The building dates back to 1906, when it was constructed by the Berkshire Railway System to host a steam boiler and large electrical generators to power trolley cars. But, by 1910, the building had become too small and the railroad built new on East Street. In 1924, the Polish community petitioned the Catholic Diocese of Springfield for their own church and the building was converted.
It was closed in 2008 along with two other Pittsfield churches when the diocese consolidated. It has been vacant the last decade until CT Management purchased it last year.
"We're going to do 10 really nice, modern, unique, residences. They are not traditional built-for-the-masses residences. These are going to have all the utility and modern elements but have the uniqueness of space that you can't find anywhere else," said Craig Barnum of CT Management Group in December when describing the project.
"There are extremely high ceilings in a lot of these units that have beautiful barrel arches. We've maintained a lot of the interior integrity in the molding. The windows are extremely cool."
Many of the details of the former church were kept.
The building features a large four-bedroom unit and several one-bedrooms in the main sanctuary area. It is now two floors. The developers kept the high, arched ceilings, and built the units around the existing architecture. Barnum said the company attempted to preserve as much of the original building as possible -- including using church pews as trimming around windows.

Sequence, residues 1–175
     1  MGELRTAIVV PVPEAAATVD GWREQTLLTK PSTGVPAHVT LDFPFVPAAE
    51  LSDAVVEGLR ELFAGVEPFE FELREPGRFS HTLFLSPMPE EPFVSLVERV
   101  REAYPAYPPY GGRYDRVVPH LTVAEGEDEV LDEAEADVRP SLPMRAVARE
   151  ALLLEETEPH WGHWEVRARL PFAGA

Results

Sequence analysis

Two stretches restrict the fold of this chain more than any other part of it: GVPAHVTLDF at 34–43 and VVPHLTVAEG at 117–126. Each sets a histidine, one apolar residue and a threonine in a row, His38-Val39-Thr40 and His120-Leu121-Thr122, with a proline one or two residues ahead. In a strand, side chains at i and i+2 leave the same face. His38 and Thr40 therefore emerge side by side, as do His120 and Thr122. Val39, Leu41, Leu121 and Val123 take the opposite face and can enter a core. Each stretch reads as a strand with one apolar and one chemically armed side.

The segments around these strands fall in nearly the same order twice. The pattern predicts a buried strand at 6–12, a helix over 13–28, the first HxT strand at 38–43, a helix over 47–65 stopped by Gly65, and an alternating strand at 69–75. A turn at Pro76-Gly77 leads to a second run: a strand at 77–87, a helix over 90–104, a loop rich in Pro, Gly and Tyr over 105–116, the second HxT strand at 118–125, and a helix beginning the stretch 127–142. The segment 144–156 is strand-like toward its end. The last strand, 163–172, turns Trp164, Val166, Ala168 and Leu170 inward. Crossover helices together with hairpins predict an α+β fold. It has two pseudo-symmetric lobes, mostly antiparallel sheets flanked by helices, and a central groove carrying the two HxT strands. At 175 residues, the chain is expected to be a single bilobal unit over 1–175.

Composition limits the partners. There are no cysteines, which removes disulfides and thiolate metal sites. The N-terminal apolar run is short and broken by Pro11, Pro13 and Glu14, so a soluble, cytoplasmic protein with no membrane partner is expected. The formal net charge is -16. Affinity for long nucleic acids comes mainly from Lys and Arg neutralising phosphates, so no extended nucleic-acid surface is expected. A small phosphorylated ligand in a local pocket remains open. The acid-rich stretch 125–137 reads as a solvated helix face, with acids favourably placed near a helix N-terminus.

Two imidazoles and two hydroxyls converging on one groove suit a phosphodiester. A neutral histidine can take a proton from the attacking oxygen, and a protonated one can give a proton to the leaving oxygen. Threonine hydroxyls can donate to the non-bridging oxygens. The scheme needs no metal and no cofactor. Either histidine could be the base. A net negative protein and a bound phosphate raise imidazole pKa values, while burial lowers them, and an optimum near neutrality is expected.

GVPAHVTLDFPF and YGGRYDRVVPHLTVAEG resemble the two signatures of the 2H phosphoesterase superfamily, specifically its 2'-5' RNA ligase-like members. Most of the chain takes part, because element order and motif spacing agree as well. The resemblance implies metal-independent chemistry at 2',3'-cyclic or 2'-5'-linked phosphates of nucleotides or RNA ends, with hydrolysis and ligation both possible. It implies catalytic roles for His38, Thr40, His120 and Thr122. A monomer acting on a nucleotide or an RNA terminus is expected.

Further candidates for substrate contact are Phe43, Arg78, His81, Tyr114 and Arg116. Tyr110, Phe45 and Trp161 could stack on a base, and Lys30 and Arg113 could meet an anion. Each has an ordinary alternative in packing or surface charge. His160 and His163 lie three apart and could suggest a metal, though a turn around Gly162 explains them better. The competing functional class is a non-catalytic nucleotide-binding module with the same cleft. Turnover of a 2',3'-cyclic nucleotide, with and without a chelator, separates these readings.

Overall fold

The company opened the building up on Thursday to former parishioners of Holy Family so they could see the changes. Barnum said the units are being leased to a mixed demographic -- from young working professionals to retirees to families.
Plans for the $1.8 million project began in 2016, when the city approved a tax incremental financing package for the company. CT Management said retrofitting such a building is more expensive than constructing new apartments and the city's assistance essentially helps keep the rents aligned with what the market can bear. Otherwise, the building could still be vacant.
The Berkshires has numerous vacant church properties. Some of them have seen the wrecking ball, like St. Francis of Assisi in North Adams, while others are being re-used. CT Management has particularly picked up its focus on saving the historic buildings and what is now called "Powerhouse Lofts" is just the latest.
The city has been particularly interested in getting more market-rate housing in its downtown area. In recent years, there has been an increased demand and a number of projects have been completed bringing those units to market.
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